POEMS syndrome is a rare paraneoplastic syndrome due to an underlying plasma cell neoplasm. Hypogonadism is the most common endocrine abnormality in POEMS syndrome. There is no data about improvement of hypogonadism and sexual dysfunction after appropriate treatment of POEMS syndrome so far. In this single-center prospective study, the efficacy of low-dose lenalidomide and dexamethasone combination therapy in the improvement of sexual and gonadal function in POEMS syndrome was evaluated.
POEMS (polyneuropathy, organomegaly, endocrinopathy, M-spike, skin changes) syndrome is a rare paraneoplastic syndrome characterized with multisystem involvement and markedly increased vascular endothelial growth factor (VEGF) levels . VEGF is a growth factor for endothelial cells that induces vascular permeability, which is important in angiogenesis and often decreases with successful treatment .
Lenalidomide is a derivative of thalidomide, with powerful activity against malignant plasma cells as well as acting to decrease the levels of proinflammatory and proangiogenic cytokines. Recently, it has been showed that lenalidomide might play a promising role in the treatment of POEMS syndrome [4, 5]. In our previous work, the efficacy and safety of low dose lenalidomide plus dexamethasone had been demonstrated in patients with relapsed or refractory POEMS syndrome . Here we conducted a pilot study to assess the efficacy of lenalidomide plus dexamethasone in the improvement of gonadal and sexual function of POMES syndrome in our center.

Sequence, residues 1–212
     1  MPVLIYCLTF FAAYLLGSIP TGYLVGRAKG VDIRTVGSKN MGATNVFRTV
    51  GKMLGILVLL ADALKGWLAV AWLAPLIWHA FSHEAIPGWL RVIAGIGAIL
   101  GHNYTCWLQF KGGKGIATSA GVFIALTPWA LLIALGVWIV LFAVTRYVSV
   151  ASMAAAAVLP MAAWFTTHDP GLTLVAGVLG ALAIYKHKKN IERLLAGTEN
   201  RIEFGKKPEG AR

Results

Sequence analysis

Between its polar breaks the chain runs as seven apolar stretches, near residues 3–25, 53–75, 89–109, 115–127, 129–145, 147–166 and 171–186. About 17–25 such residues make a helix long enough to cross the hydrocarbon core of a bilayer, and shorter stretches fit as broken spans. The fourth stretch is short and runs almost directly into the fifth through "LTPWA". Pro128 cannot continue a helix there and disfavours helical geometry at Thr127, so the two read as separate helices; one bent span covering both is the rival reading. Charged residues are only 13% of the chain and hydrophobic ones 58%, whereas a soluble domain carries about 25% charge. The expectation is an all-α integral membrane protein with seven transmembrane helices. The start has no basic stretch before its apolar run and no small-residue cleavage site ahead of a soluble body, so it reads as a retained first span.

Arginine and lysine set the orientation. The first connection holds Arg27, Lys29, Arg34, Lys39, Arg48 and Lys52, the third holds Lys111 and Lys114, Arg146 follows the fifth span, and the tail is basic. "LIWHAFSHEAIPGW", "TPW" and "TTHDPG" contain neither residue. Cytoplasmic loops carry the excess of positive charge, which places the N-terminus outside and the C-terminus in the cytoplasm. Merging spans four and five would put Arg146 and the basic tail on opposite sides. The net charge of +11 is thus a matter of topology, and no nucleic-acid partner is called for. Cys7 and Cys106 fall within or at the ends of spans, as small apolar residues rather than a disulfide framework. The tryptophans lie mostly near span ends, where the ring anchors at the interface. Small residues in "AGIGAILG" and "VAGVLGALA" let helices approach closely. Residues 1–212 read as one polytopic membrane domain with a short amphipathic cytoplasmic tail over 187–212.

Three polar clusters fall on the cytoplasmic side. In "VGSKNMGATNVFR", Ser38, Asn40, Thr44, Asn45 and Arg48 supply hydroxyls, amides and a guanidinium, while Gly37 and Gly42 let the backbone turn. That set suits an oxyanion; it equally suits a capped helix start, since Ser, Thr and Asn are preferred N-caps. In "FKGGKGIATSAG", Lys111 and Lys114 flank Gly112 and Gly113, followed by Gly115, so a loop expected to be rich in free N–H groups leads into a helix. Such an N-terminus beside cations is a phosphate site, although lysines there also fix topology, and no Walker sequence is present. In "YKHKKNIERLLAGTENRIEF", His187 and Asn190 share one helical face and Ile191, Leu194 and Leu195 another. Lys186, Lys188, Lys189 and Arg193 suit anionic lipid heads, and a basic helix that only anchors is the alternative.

Forty-one consecutive patients with newly diagnosed POEMS syndrome (male 28, female 13) were treated with combination of low-dose lenalidomide and dexamethasone at Peking Union Medical College Hospital from April 2014 to November 2015. All patients met the diagnostic criteria defined by Dispenzieri, with two mandatory criteria (polyneuropathy and monoclonoal plasma cell proliferating disorder), at least one major criterion (sclerotic bone lesion, Castleman disease or VEGF elevation) and one minor criterion (organomegaly, edema, endocrinology, skin change, papillary edema or thrombocytosis) . Excluded from the study were patients with a history of medication use, such as antidepressants, psychotropic drugs, beta-blockers and spirolactone, which can interfere with sexual function. No hormone replacement therapy was employed in patients with hypogonadism.
The present study explored the under-investigated area of sexual quality of life in patients with POEMS syndrome. Our results demonstrated that low-dose lenalidomide plus dexamethasone combination therapy is successful in improving sexual function in patients with POEMS syndrome.
Hypogonadism is the most common endocrine disorders in POEMS syndrome. Because of the low incidence, there were only case reports about hypogonadism in POEMS so far [11, 12]. In the Mayo series, 79 % (26/38) male patients had hypogonadism and 61 % (23/39) reported erectile dysfunction . In our reported series, hypogonadism was seen in 52.2 % (26/46) male patients. Impotence (89 %) and gynecomastia (12 %) were common findings in male patients . Sasano et al. reported the first case that showed an improvement in gonadotropin secretion after corticosteroid therapy . After three months of corticosteroids treatment, the 49-year-old male patient showed an improvement in danadotropin secretion but no considerable change in the secretion of the other hormones. Recently, Chu et al. reported their experience of a patient with POEMS syndrome with long-term therapy with lenalidomide. The total testosterone levels had increased from 55 ng/dl to 624 ng/dl after one year .